The pandemic is hurting some more than others. How to address the hidden harms of COVID-19
Everyone is facing this pandemic differently.
Although we are all impacted in one way or another — the effects on certain people and populations are greater than on others. There are many hidden impacts on our lives, and the shock of COVID-19 is felt by some in ways that are unimaginable to others.
Children are a prime example of this reality.
Children in most provinces have not been attending school and are no longer receiving the daily support from teachers and their larger social circle. Children who live in poverty are not receiving the necessary meals offered through breakfast or lunch programs. Women, children and families with lived experiences of abuse may be living at increased risk during the pandemic.
Using a moral lens and a dose of empathy to guide us has never been more important.
Even for children who are not generally considered "at risk," they are still vulnerable and feeling the social and isolation effects and simply want to play with their friends. This reality can have disastrous long-term effects that we cannot even begin to fathom at this point.
Mental health has also been a growing concern.
Early evidence shows that anxiety and depression are on the rise. Those with pre-existing mental health conditions are especially vulnerable right now, especially since social or other community supports are difficult to access.
Loss of income, financial stress, worries about the future, social isolation, demands of trying to work at home during a crisis, combined with other stressors — all contribute to an increase in mental health struggles. Such direct, indirect and potential long-term harms must be balanced against the benefits of public health measures.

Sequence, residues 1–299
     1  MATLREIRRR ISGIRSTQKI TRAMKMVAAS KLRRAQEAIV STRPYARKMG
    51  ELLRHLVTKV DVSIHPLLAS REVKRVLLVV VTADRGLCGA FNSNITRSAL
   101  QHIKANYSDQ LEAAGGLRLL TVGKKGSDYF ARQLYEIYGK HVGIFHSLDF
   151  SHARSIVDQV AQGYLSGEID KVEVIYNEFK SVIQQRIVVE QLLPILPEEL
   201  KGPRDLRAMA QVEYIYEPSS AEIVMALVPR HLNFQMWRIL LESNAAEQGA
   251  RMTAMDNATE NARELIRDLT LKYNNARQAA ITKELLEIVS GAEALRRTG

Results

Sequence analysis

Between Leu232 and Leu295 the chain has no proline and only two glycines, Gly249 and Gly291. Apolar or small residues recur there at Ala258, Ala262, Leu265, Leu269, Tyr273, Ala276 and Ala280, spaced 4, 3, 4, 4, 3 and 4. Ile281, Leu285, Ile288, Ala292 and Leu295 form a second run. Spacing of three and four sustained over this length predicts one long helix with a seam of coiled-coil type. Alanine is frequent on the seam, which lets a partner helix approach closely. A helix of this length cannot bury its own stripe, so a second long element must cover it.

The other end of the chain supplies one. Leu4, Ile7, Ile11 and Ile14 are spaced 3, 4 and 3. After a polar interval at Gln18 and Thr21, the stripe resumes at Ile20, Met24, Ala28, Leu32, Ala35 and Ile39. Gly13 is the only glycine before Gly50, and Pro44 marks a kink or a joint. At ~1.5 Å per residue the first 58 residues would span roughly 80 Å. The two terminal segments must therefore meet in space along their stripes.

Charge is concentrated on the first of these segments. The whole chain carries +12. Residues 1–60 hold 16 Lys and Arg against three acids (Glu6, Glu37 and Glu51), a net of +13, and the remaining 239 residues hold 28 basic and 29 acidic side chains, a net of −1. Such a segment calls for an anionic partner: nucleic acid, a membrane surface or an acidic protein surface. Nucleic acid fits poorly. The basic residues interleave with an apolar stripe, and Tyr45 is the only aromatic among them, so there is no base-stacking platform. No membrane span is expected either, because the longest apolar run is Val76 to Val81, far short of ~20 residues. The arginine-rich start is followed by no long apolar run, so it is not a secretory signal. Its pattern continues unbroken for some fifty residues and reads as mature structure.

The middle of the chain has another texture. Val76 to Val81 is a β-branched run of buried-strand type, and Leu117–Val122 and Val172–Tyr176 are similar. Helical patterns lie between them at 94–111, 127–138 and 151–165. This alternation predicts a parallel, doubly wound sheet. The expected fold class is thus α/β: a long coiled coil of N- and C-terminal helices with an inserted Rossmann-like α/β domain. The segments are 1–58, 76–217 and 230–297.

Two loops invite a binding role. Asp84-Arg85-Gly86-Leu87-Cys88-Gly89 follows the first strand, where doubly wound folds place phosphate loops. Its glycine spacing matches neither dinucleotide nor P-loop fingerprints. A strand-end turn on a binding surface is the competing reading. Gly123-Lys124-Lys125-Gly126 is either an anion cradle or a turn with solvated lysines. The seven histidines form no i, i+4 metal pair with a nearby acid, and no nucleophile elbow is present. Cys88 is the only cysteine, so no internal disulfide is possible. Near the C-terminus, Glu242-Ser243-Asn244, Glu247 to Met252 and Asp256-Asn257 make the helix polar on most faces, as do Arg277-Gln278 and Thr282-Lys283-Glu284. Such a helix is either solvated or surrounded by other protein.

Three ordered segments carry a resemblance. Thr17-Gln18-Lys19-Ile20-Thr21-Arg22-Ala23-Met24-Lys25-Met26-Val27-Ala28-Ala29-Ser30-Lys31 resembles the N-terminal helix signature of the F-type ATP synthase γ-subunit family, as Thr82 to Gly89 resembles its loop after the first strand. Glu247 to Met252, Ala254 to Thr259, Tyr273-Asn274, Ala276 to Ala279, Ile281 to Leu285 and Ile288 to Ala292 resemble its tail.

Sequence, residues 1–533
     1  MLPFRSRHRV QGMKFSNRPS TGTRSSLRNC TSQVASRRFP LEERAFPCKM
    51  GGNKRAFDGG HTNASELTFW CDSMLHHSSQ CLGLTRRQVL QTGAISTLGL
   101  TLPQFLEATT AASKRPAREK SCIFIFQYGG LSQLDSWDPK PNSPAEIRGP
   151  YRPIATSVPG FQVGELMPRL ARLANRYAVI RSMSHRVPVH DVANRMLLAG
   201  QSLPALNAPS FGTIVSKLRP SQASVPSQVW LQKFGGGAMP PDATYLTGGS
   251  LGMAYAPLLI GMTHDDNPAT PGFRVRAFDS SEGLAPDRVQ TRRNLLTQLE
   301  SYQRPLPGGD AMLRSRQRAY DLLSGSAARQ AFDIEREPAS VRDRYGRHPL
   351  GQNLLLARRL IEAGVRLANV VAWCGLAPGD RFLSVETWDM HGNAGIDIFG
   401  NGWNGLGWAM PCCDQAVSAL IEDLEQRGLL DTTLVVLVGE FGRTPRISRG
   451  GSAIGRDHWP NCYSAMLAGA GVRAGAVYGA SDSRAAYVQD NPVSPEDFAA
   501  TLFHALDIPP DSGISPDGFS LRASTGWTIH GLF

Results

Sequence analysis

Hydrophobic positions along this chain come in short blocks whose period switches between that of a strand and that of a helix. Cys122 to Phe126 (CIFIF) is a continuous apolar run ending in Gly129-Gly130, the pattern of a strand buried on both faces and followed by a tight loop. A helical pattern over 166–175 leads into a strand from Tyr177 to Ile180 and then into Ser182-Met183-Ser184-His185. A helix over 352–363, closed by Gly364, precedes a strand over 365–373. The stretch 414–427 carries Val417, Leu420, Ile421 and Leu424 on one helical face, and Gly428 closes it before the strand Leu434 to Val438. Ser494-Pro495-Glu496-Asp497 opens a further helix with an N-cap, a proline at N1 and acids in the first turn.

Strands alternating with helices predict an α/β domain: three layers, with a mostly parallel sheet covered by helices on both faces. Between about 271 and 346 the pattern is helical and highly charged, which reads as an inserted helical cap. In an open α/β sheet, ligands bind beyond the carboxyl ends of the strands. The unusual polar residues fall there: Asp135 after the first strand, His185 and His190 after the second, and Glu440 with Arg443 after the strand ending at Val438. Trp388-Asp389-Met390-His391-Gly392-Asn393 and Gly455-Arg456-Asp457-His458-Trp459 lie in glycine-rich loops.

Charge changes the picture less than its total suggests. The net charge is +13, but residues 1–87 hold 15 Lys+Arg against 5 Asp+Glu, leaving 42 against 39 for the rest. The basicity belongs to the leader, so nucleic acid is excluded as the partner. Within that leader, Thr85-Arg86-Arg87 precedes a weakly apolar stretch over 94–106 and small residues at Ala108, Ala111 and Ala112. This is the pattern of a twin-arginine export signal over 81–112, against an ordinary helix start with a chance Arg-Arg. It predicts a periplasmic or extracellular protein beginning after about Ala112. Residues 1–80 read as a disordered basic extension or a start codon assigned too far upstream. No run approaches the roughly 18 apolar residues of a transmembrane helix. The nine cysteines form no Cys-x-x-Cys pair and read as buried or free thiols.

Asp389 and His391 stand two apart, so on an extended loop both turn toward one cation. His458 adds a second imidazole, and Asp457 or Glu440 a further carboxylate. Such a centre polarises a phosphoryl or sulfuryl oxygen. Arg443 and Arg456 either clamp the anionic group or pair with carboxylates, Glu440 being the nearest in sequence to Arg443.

Empathy as our compass
As restrictions start to loosen we all need to avoid judging or shaming others. We need to remember that the hidden impacts of this pandemic changes based on one's life circumstances.
This means that we need to lean in to our shared universal experience, while also recognizing that the effects vary from one person, family or community to another. Empathy toward others and recognition that we are all feeling the effects differently can help lead us through.
Although expertise and public health measures are available, there is no rulebook on how to handle this. Public health officials, epidemiologists and policy makers are all attempting to address the effects and minimize the provincial, national and global impacts.
In many cases, quick decisions must be made with limited evidence available on whether the proposed approach will work. On top of this, knowledge about COVID-19 and cases continues to change. For these reasons we need to continually assess whether the decisions made that affect children and other vulnerable populations are achieving more benefit than harm.
Balancing risks and benefits
Public health measures must be continually assessed in the light of emerging evidence in order to achieve an ethical balance.
Clearly we need public health measures to address the direct physical harm that COVID-19 can have on our lives. At the same time, we also need to address the hidden or indirect harms that are being felt by many individuals and populations right now.
Children, individuals experiencing homelessness, unemployed families, and others must not be disproportionately affected. Using a moral lens and a dose of empathy to guide us has never been more important.